A displaced screen and marks from a chisel and crow bar gave evidence that they attempted to break into Strunk’s Drug Store. Luckily a good, strong iron bolt prevented the burglars from entering the building.

The burglars passed by the bank and the Flaherty & Lies’ big store. Instead, they crossed the street and broke into Matt Huth’s saloon. They were rewarded by finding a few cents in the till.

After a bit more than a watch and nine dollars and some change, the burglars decided that enough was enough. They disappeared and no further evidence of the burglars and their money was never found. Most people of Shakopee figured this work was evidence of amateurs, and hopefully they would not be back!

Remember When: December 2018

1893: Scott County Argus

Dec. 7. 1893

Last Saturday Mrs. Henschel moved into her new store in the How Block, where she is very neatly and comfortably located.

Miss Hanna Flaherty is now acting as clerk in the store of Flaherty & Lies. Miss Kate will continue their dressmaking business at home.

The newly invented One Roller Disintegrator, invented by the Nameless Iron Works of Shakopee, Minn., was operated in their shop last Tuesday and gave entire satisfaction. It is estimated that it will feed enough clay to supply their machine manufacturing 100,000 brick in ten hours, preparing the clay from the bank for the brick machine to make a first class brick. The clay is not squeezed through rollers as is the case where two rollers are used, but is shaved. Brickmakers will at once see the advantage this invention has over the old process.

On Tuesday morning it was discovered that six of the twenty sheep at Lins Bros.’ slaughter house had been torn to pieces by dogs during the night. Some of the sheep had run into the water and remained there all night to keep away from the savage brutes. One of these was drowned. The injured ones had to be killed at once. Naturally the Lins Bros. are now feeling somewhat hostile toward the canine family and they propose to camp on the trail of the prowlers and deal out vengeance with a righteous hand, ably seconded by a trusty shot gun.

Deutsch & Zettel have displayed a whole lot of enterprise in the purchase of an up to date soda fountain which is certainly a beauty. The top is beautifully of carved oak and contains a large beveled plate-glass mirror while the fountain proper is of three kinds of granite and Mexican onyx, and trimmed with heavily plated silver. It has all the best appliances now out, including an apparatus from which to serve hot soda, and is a model of convenience as well as beauty. The cost of the outfit entire was $825. It is now set up and on exhibition at their store.

Dec. 14, 1893

Children’s eyes grow big when they take a look at M. Berens’ new toy store, which was thrown open Tuesday. The stock is complete in every line and includes interesting mechanical toys, dolls by the hundred, games without number, sailboats, steamboats, steam engines, musical instruments of all kinds, etc., etc., etc., in fact it’s a regular Santa Claus shop moved down from the north. If you doubt it, just give the place a visit.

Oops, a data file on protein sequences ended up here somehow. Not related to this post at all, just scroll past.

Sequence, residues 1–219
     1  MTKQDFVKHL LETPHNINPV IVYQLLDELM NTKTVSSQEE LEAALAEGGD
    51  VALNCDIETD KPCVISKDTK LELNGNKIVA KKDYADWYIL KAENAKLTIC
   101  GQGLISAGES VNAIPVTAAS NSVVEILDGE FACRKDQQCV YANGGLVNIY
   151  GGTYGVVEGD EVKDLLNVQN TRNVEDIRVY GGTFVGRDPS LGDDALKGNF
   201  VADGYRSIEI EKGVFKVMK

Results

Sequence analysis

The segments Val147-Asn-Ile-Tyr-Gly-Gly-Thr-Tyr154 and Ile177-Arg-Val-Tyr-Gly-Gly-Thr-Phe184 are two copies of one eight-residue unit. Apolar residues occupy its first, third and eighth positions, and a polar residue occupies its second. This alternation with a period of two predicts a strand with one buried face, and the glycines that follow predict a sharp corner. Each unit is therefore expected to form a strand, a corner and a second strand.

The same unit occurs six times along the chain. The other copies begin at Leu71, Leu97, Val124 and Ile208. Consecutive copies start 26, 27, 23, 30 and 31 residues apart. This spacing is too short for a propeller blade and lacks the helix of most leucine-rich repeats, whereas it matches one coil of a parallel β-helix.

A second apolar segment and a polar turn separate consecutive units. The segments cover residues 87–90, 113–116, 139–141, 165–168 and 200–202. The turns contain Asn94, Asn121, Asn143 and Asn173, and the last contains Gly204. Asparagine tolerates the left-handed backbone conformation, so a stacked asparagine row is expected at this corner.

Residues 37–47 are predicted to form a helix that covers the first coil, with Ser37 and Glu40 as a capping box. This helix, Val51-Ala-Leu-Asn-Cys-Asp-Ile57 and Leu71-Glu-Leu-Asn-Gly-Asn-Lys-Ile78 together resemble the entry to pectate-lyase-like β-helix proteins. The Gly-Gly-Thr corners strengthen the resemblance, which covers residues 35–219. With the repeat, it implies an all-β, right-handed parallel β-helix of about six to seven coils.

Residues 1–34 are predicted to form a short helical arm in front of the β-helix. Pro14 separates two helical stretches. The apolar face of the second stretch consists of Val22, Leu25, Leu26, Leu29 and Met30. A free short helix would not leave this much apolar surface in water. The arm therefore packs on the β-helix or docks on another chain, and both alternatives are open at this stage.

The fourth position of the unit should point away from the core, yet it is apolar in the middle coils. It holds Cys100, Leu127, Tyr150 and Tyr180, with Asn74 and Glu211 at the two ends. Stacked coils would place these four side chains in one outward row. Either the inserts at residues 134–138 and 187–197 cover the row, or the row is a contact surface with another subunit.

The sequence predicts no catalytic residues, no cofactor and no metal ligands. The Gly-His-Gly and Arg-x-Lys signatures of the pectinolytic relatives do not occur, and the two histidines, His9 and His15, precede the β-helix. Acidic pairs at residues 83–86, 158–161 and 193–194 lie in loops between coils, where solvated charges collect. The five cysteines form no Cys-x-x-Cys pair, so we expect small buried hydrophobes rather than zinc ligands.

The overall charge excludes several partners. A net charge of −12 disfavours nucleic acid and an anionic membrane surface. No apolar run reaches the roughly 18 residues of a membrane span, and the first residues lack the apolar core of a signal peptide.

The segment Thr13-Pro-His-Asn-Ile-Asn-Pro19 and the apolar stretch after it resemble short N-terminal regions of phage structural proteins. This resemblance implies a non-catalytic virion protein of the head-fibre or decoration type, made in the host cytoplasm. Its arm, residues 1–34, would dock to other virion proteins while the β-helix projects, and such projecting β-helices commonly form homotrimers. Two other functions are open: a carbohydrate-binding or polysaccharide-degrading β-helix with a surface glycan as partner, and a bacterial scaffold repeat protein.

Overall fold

L. Christian & Co. have closed the deal for the big Forest Mills engine, and it will be removed to their mill here within a few days.

The Shakopee Cash Store, Gertrude Berens Proprietress, made an assignment to Henry C. Koerner last Saturday afternoon. The liabilities foot up to about $4,000, while the assets will amount to some $2,800 or $3,000.

Dec. 21, 1893

Dr. A. A. Sabin is enlarging and remodeling his offices in the Reis Building, and when completed the result will prove a marvel of convenience and attractiveness. A reception room has been fixed up at the end of the stairway, and the old reception room turned into the private office by means of a double door. Besides these there is the electricity room and a bed room. The present reception room has been beautifully decorated with handsome wall paper, rounded ceiling and a cleverly executed dado of silver and gold color, and with elegant furnishings it will be a luxurious apartment. F. C. Heroux is the artist in charge.

The firm of Flaherty & Lies will continue business at the old stand and solicits the patronage of all as before.

A merry sleighload of Chaska youths and damsels enjoyed a moonlight drive and an oyster supper at Gellenbeck’s Restaurant last Monday evening.

Leander Schaeffer of Chicago is now a member of his brother Alex. Schaefer’s family. Mr. Schaeffer is a jeweler and watch maker by trade and will soon enter into that line of business in the Jacob Ries building.

The big engine for the mill is now on the way and will soon be here. Mr. Buchanan informs us that it is here but that they haven’t as yet taken it out of the wrapping papers. When the fact is known that the fly wheel alone weighs about ten tons this remark at once becomes humorous.

Dec. 28, 1893

A very beautiful baptismal font was dedicated at St. Peter’s church last Monday, after the morning service. The font, a costly one of solid carved oak and heavily plated silver bowl and trimmings, was bought and presented to the church by the members of the Sunday School, of which Mrs. H. B. Strait is the energetic Superintendent. It is a valuable addition to the church furniture and reflects much credit upon all concerned.

Leander Schaefer is now located in the Jacob Ries Building opposite the Bank and is prepared to do first class repairing of watches, clocks and jewelry at reasonable prices and satisfaction guaranteed.